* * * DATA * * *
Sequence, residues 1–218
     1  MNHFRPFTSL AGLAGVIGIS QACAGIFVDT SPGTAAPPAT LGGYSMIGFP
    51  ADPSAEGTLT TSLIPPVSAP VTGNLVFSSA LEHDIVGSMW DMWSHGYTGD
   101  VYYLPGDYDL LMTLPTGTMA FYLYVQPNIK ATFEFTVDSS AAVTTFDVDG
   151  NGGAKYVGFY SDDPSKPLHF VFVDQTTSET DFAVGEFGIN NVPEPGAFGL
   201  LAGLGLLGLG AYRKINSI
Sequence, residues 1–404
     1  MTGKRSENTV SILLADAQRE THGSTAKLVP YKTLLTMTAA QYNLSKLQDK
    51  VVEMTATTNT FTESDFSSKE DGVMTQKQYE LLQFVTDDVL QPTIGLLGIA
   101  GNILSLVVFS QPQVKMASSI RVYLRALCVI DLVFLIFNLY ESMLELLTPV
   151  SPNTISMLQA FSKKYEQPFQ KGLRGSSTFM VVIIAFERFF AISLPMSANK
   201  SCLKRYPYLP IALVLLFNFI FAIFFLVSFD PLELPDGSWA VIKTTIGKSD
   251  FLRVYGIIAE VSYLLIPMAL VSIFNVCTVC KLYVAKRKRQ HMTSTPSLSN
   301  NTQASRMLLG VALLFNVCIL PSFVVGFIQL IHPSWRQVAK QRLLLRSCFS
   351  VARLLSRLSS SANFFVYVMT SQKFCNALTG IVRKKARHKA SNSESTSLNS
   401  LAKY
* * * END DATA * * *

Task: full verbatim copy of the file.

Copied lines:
Sequence, residues 1–218
     1  MNHFRPFTSL AGLAGVIGIS QACAGIFVDT SPGTAAPPAT LGGYSMIGFP
    51  ADPSAEGTLT TSLIPPVSAP VTGNLVFSSA LEHDIVGSMW DMWSHGYTGD
   101  VYYLPGDYDL LMTLPTGTMA FYLYVQPNIK ATFEFTVDSS AAVTTFDVDG
   151  NGGAKYVGFY SDDPSKPLHF VFVDQTTSET DFAVGEFGIN NVPEPGAFGL
   201  LAGLGLLGLG AYRKINSI
Sequence, residues 1–404
     1  MTGKRSENTV SILLADAQRE THGSTAKLVP YKTLLTMTAA QYNLSKLQDK
    51  VVEMTATTNT FTESDFSSKE DGVMTQKQYE LLQFVTDDVL QPTIGLLGIA
   101  GNILSLVVFS QPQVKMASSI RVYLRALCVI DLVFLIFNLY ESMLELLTPV
   151  SPNTISMLQA FSKKYEQPFQ KGLRGSSTFM VVIIAFERFF AISLPMSANK
   201  SCLKRYPYLP IALVLLFNFI FAIFFLVSFD PLELPDGSWA VIKTTIGKSD
   251  FLRVYGIIAE VSYLLIPMAL VSIFNVCTVC KLYVAKRKRQ HMTSTPSLSN
   301  NTQASRMLLG VALLFNVCIL PSFVVGFIQL IHPSWRQVAK QRLLLRSCFS
   351  VARLLSRLSS SANFFVYVMT SQKFCNALTG IVRKKARHKA SNSESTSLNS
   401  LAKY